As the seed of woman, Jesus is totally man, and is able to fulfill His position as High Priest (1 Timothy 2:5, refer to Hebrews 5:1). The concept of Jesus being God separates 99% of the cults from mainline Christianity. Some cults maintain Jesus was also the Person of the Father. However, the Bible is clear that there are three distinct persons who comprise the Godhead. It is clear that Jesus did not think it robbery to cease to be equal with His Father, making them two separate persons. The concept of three distinct persons making up one God is brought forth in different ways in the Bible including in light of Jesus’ baptism in the Jordan River and His resurrection.
At Jesus’ baptism all three persons of the Godhead were present. The man Jesus came to be baptized as an example of righteousness, while the Holy Spirit came down in the form of a dove to identify Jesus as the One sent by God, and the Father’s voice was heard as He introduced His Son, fulfilling prophecy (Matthew 3:13-17, refer to John 1:28-36 and Psalm 2:7 and Hebrews 1:8).
At the heart of the Gospel is believing in your heart that God raised Jesus from the dead (Romans 10:9). The Bible gives us insight as to which Person of the Godhead was responsible for raising Jesus. Galatians 1:1 tells us the Father raised Jesus from the dead. In John 2:19-21, Jesus stated that He would raise up His body, and in Romans 8:11, it tells us that the Spirit of God raised Jesus from the dead. We see where all three persons of the Godhead were also involved in Jesus’ resurrection.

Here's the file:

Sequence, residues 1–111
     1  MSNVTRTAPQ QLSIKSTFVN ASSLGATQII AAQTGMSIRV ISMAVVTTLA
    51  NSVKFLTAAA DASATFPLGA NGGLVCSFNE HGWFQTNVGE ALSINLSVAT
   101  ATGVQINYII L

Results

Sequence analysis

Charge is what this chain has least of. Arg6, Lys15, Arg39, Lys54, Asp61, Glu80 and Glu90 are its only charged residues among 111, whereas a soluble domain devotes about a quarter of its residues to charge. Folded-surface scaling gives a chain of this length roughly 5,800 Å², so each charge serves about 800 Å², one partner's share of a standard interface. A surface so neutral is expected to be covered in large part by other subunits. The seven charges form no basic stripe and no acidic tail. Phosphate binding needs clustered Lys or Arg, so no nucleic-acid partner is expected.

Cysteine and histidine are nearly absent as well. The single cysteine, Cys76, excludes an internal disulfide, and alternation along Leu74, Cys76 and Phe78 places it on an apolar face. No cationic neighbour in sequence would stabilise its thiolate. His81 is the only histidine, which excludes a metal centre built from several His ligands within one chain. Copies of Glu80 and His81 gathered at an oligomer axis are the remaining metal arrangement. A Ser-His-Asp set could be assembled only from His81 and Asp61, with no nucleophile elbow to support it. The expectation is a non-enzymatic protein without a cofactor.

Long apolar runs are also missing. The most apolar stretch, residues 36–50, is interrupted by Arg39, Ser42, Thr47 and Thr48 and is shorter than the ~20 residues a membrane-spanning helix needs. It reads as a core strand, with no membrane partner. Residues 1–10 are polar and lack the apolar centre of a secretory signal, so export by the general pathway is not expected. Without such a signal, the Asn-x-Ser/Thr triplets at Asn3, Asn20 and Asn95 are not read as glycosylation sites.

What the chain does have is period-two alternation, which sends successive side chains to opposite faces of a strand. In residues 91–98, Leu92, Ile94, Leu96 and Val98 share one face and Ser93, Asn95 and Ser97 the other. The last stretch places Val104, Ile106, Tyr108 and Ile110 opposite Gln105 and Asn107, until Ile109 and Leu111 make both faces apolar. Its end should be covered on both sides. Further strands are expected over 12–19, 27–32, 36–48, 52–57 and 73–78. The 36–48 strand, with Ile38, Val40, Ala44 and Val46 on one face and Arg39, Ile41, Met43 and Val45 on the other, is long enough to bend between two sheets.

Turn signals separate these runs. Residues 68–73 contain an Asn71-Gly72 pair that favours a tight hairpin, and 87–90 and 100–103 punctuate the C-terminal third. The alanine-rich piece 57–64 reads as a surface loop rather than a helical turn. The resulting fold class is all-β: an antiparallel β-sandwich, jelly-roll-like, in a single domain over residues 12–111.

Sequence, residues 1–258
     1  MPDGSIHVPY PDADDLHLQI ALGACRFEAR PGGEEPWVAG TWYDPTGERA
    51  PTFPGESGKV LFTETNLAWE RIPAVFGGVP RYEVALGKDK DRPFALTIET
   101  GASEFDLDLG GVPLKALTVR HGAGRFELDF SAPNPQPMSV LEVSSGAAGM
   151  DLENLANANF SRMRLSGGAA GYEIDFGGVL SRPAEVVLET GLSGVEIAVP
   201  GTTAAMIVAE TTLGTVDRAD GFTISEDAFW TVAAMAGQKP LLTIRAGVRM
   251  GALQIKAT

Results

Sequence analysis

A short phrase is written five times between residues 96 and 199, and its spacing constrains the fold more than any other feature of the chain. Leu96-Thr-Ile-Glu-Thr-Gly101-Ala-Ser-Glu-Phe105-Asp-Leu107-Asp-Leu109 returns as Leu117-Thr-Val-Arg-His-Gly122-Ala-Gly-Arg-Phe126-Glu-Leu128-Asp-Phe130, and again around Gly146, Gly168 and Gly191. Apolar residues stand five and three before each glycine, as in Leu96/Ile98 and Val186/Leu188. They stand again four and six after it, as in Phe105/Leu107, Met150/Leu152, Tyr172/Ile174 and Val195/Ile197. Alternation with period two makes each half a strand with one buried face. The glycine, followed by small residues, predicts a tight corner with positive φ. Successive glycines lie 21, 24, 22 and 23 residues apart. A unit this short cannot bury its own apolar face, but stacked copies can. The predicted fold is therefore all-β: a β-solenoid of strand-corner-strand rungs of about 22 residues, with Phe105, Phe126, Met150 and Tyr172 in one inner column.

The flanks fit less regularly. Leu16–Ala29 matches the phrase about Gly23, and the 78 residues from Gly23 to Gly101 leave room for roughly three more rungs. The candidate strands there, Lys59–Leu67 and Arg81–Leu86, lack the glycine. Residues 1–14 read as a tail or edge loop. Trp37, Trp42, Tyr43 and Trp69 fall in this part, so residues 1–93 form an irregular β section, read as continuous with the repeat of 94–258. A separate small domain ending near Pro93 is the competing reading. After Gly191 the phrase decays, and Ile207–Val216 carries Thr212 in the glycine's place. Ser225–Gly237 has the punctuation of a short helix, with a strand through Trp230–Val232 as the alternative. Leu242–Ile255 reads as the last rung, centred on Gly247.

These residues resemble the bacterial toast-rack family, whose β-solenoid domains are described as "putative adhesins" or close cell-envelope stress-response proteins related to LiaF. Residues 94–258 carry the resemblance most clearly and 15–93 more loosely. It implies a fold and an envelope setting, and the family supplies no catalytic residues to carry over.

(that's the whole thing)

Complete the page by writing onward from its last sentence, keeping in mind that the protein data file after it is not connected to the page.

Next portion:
When it comes to the Godhead, you cannot logic it out or understand it in light of personal understanding. It takes faith to accept the truth about the one true God. And, it is only upon believing it that the Holy Spirit can unveil it to us in such a way that it becomes a truth. Even though we might give a simple, logical explanation of the Godhead based on creation such as the shamrock, the egg, or even the makeup of water taking on different forms but remaining water by nature, those who walk in unbelief towards the Godhead will think any explanation is stupid or far-reaching. They will not see it due to the darkness of unbelief over their minds. As Paul put it, the dark covering over such people’s minds can only be taken off by the real Jesus of the Bible (2 Corinthians 3:14-16).